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Matching development challenges with tech solutions in the fight against extreme poverty

Sarah McCue's picture
The goals of multilateral development agencies, United Nations and World Bank Group are laser-focused on the post-2015 development agenda, calling for transformative change by eradicating extreme poverty and raising economic prosperity for all.  This vision for a new era in development is rightly bold and ambitious, but cannot be delivered without fully embracing the transformative power of technology and innovation, including information and communications technology or ICT. 
 
Most would agree that technology solutions exist for most every seemingly intractable problem.  Yet often our greatest challenge is to match the problem with the solution.  In my various “technology for development” and trade promotion roles with the United Nations and World Bank, it is so clearly evident that government leaders know what problems they need to solve, but are simply unaware of the technology solutions available to them. Even the most highly informed development experts are not aware of the technologies being produced for their particular area of expertise, and technology firms are often unaware of the vast and specific challenges developing countries face. 
 
Thus, it is critical to first identify specific, not general challenges in areas such as access to capital, business creation, countrywide connectivity, education and training, employment, environmental protection, government administration, health, housing, hunger, infrastructure, pollution, population growth, trade expansion, waste, water scarcity, and women’s empowerment.  These are but a fraction of problems facing the developing world.
Photo: flickr, courtesy of the Bill & Melinda Gates Foundation (http://ow.ly/zjGTn)

A global information society: are we there yet?

Samia Melhem's picture
Gender and inclusion
must be more
integrated into global
information and 
​communication
technology
​(ICT) strategies.
The concept of a global information society is one of the most discussed and misunderstood “Big Ideas” of our time. While we’ve made gigantic strides toward connecting the world through information and communication technologies (ICTs), we have not attained that goal.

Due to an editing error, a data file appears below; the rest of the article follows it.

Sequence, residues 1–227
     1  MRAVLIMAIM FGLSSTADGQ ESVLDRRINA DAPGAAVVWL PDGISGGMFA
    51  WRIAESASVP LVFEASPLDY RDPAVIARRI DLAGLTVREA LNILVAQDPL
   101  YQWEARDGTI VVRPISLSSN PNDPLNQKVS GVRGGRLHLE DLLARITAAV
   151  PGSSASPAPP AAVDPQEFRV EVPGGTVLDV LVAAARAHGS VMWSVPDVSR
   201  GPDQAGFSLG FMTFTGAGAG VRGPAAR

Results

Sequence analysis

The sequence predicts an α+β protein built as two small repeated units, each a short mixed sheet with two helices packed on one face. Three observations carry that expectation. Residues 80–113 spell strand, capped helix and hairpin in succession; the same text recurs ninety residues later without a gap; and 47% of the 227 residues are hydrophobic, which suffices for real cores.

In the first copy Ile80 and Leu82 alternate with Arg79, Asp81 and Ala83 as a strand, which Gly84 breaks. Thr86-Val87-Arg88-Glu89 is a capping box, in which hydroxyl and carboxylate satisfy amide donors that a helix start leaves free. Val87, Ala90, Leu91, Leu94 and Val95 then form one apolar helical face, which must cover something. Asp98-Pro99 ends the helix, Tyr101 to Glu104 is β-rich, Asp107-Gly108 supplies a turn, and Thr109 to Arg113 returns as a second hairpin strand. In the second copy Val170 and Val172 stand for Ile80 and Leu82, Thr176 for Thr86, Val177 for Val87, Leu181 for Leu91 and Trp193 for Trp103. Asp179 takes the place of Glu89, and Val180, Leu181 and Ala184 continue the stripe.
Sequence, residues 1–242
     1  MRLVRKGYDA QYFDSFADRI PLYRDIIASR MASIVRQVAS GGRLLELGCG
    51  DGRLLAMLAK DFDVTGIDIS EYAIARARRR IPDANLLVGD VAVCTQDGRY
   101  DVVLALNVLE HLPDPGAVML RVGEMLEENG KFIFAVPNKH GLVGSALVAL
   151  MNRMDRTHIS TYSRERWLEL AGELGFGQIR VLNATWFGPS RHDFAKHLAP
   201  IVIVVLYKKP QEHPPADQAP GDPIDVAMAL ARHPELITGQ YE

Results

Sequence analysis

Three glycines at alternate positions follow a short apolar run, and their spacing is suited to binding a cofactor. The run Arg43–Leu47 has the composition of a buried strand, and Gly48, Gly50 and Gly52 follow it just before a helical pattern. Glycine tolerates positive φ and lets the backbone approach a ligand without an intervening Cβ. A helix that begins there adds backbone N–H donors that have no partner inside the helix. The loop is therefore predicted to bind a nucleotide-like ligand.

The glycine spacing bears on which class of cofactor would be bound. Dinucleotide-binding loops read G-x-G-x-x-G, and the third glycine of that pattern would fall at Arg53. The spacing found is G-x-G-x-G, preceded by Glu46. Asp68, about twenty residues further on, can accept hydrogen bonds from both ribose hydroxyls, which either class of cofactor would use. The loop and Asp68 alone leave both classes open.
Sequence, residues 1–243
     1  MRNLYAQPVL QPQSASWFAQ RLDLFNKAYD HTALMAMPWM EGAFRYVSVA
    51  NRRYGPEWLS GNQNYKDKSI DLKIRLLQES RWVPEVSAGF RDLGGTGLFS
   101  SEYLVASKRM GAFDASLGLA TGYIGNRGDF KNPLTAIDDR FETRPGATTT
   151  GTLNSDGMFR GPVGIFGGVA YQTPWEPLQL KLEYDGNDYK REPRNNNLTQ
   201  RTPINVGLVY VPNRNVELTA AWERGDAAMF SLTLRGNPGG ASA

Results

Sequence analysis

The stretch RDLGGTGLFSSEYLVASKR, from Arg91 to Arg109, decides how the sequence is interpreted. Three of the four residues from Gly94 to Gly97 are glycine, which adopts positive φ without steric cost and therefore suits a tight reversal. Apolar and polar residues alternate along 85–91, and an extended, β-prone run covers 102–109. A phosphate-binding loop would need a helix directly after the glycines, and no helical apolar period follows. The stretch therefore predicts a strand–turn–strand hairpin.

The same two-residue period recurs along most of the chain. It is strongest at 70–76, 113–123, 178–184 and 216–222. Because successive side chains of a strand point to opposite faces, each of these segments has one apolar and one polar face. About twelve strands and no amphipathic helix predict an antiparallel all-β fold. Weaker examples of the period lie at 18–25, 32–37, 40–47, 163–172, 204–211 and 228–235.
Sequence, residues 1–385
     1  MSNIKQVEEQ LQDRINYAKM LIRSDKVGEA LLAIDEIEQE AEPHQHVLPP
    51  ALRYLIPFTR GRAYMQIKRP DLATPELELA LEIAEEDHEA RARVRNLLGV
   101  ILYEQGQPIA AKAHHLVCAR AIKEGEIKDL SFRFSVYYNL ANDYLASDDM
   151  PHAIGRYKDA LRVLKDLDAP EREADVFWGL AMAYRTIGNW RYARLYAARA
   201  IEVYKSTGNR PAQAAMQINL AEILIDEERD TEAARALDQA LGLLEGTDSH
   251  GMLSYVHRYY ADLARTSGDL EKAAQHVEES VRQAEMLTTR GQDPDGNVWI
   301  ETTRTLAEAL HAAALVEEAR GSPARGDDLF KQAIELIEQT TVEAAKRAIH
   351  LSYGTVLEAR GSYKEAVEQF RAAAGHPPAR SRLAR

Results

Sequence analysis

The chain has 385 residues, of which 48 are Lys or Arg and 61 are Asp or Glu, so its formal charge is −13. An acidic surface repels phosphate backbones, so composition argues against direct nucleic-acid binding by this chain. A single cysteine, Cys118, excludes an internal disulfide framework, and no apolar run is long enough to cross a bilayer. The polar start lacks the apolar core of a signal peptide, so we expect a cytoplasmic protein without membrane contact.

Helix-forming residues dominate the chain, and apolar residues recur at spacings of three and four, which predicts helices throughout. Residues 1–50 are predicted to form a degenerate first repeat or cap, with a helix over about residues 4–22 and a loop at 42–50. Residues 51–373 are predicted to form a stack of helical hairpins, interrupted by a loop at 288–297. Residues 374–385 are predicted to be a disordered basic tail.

Over the last decade, ICTs have contributed to globalization, shaped economies, transformed society and changed our history. Companies that didn’t exist in 2003 – including Facebook and Twitter – are now essential components of media strategies and contribute to job creation. Broadband drives economic development across the world, and there are more than seven billion mobile cellular subscriptions.
 
Despite this meteoric change, we’re not quite there yet. While billions of people are already connected to these systems and opportunities, we need much more collaboration to bring about an information society for everyone.

Lowering Barriers to High Speed Internet in the Arab World

Michel Rogy's picture

On affordability grounds alone, millions of people in the Middle East and North Africa (MENA) region could be excluded from today’s information revolution. Meeting this challenge has become a top regional priority. Many countries in the Arab world have identified broadband Internet as a critical input to the broader objective of nation building and the transition to a knowledge-based economy. There is growing consensus that broadband Internet is critical in fostering sustainable economic development and job creation, and a key component of strategies for reducing poverty, enhancing job opportunities, and advancing trade integration. Indeed broadband is expected to have a similar impact on the transformation of the economy and of society as a whole as the printing press, steam engines, or electricity had in the past. But for it to have its full impact, people will need access to it.

Partage d'expérience sur les environnements favorables aux investissements haut débit: la fibre en Turquie

Michel Rogy's picture
Also available in: English | Türkçe

Le développement économique étant fortement corrélé avec l’utilisation de l’Internet haut débit, les gouvernements partout dans le monde cherchent à favoriser le déploiement des technologies large bande. Le gouvernement turc, par exemple, a récemment défini des objectifs ambitieux pour sa stratégie nationale haut débit : 60 millions de clients en 2023 (il y en a 33,7 millions en septembre 2013), une connexion d’au moins 100 Mbit/s pour chaque foyer, avec de la fibre optique déployée vers la plupart des maisons ou immeubles (technologie FFTH (fibre optique jusqu’à la maison) ou FTTB (fibre optique jusqu`à l’immeuble)), la diffusion des technologies haut débit mobile de nouvelle génération (telle que 4G/LTE), et la vision que la Turquie devienne un hub régional pour les infrastructures de télécommunications.

Broadband Internet coming to Africa

Michel Rogy's picture

The digital divide for voice services is closing at a rapid pace in Africa due to the spread of the basic mobile phone. With 500 million mobile phones on the African continent, more than in the US or European Union, Africa is the fastest growing region in the world.